At the the Venice Biennale, visitors will find Barca Nostra, the notorious shipping vessel that sank with over 800 migrants on-board.
The boat left Tripoli, Libya, was carrying hundreds of migrants. The vessel crashed into a cargo ship coming to its rescue and sank in the Mediterranean Sea, killing over 800 people, according to a United Nations investigation. Only 27 people survived on a yacht that was originally designed for a crew of about 15.
More than a year after the tragedy, the Italian government brought the shipwreck to the surface and transported it to a NATO base in Augusta, Sicily. It spent there past three years, until a Swiss-Icelandic artist Christoph Büchel decided to exhibit it at the Biennale as an art installation. The boat has appeared in the Arsenale, a former dockyard now used as an exhibition space for the Biennale.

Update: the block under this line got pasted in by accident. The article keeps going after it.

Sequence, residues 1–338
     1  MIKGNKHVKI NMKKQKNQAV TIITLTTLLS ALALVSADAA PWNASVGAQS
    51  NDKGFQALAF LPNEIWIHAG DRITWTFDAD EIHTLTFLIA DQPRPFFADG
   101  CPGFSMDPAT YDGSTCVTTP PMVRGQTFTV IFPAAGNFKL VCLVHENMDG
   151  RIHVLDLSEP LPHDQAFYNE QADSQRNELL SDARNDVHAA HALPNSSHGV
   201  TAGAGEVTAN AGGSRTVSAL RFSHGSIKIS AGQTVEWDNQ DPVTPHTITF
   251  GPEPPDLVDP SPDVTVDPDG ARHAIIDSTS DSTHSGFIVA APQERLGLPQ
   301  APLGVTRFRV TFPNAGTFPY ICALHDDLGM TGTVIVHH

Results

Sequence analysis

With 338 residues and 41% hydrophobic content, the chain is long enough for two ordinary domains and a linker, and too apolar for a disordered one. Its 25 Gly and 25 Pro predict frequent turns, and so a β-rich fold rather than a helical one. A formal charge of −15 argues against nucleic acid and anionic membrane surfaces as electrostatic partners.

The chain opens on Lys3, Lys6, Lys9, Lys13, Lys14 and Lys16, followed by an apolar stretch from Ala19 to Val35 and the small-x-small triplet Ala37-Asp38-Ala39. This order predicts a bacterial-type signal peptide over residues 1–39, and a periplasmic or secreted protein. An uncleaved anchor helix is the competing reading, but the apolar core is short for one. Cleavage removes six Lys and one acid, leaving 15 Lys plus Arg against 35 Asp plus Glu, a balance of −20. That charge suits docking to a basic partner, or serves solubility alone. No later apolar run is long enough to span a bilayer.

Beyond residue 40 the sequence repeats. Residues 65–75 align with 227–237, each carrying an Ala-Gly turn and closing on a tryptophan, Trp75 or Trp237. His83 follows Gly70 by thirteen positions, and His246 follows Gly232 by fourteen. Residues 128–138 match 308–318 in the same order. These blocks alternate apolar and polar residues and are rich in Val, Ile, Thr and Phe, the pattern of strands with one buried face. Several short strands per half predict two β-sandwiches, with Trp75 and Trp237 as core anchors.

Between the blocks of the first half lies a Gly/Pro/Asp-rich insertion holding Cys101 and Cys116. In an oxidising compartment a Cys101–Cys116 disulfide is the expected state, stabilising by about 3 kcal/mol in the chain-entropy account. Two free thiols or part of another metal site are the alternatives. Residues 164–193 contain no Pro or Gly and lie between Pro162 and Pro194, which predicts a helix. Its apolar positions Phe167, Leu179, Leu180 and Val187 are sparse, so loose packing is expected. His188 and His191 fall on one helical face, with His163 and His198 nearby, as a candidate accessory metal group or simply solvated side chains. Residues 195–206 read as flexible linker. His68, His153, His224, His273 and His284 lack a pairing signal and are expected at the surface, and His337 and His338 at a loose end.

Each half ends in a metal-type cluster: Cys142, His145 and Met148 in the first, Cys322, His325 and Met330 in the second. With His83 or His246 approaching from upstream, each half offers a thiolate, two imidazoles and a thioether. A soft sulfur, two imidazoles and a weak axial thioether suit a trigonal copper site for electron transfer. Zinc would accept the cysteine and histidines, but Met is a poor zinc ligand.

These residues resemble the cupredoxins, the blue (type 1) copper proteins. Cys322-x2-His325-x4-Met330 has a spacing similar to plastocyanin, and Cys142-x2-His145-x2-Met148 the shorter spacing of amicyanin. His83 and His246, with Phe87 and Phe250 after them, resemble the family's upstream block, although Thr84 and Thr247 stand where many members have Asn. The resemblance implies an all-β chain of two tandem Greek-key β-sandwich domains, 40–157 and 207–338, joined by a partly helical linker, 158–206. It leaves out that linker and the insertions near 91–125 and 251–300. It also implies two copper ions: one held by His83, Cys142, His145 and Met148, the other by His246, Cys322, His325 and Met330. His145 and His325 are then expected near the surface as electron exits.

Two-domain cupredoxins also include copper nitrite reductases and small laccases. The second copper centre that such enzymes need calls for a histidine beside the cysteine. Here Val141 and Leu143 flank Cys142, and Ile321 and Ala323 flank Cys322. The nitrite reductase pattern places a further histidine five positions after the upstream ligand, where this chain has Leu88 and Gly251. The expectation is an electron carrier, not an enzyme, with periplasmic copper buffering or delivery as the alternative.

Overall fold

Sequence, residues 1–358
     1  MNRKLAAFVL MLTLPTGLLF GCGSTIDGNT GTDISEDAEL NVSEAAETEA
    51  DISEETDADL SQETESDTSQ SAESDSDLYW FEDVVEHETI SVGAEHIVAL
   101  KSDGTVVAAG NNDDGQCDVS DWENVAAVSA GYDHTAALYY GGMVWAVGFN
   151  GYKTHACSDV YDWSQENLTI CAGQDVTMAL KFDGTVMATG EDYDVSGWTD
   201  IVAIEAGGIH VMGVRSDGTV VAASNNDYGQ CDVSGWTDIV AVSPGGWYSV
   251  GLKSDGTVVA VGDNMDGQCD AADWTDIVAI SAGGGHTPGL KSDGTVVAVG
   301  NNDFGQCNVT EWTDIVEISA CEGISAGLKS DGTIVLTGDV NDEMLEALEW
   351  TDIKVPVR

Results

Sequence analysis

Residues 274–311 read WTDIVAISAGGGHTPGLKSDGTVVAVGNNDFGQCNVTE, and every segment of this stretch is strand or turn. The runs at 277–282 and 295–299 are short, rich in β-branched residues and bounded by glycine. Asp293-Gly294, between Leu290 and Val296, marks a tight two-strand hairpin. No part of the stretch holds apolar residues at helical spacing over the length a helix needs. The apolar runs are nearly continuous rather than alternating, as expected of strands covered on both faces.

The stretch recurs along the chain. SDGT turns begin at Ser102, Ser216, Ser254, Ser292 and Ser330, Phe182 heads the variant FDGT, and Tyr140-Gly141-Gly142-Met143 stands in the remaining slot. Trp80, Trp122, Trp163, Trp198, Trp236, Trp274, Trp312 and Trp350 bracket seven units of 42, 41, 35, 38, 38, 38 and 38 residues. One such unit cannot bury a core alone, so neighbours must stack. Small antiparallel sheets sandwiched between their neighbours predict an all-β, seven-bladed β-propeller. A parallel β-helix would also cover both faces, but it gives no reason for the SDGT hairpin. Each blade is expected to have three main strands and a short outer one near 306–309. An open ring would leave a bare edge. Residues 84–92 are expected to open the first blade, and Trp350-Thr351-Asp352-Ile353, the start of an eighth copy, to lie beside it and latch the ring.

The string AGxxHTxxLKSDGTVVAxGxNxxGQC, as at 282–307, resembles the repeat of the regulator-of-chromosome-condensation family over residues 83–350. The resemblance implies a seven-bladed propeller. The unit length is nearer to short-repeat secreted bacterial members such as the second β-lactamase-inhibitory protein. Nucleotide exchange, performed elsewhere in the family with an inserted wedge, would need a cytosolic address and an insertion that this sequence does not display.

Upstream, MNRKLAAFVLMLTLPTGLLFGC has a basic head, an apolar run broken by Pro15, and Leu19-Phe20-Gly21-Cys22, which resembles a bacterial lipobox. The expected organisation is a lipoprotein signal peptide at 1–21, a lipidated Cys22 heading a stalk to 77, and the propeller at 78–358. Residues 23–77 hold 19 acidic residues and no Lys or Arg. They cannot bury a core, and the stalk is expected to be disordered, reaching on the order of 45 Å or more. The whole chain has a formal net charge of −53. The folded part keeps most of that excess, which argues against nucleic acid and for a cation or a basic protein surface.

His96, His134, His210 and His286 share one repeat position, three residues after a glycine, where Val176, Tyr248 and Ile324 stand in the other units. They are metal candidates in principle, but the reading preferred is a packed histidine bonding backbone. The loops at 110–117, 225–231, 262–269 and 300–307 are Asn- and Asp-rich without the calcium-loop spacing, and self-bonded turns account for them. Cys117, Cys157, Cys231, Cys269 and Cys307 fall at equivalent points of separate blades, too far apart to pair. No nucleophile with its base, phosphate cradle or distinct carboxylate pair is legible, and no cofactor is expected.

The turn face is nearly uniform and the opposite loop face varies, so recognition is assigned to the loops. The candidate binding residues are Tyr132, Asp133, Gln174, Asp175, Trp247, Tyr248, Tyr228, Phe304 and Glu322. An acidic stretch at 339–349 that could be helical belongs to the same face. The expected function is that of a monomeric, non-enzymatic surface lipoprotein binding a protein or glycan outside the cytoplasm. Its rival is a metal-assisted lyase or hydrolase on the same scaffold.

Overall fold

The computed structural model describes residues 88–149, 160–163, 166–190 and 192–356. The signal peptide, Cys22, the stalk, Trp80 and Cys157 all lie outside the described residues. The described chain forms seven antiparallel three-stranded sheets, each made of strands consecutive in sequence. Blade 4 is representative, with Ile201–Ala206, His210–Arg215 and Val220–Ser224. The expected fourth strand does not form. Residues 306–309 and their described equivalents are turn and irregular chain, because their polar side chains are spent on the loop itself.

The name of the installation translates as Our Ship from Italian. The title refers to a policy launched by the Italian government in 2013, Operation Mare Nostrum (Our Sea), which is a Latin term for the Mediterranean. The policy aimed to combat the increasing number of migrant ships that were sinking in the Mediterranean Sea. It was scrapped a year later in favour of Operation Triton, in which ships that happened to be closest to sinking vessels would provide assistance. Gaping holes in the hull of the Libyan boat represent an evidence of its collision with a Portuguese freighter.
The vessel is being displayed in Venice to highlight the tragedy of migrant deaths in the Mediterranean. The intention is to use it as a ‘vehicle of significant socio-political, ethical, and historical importance’.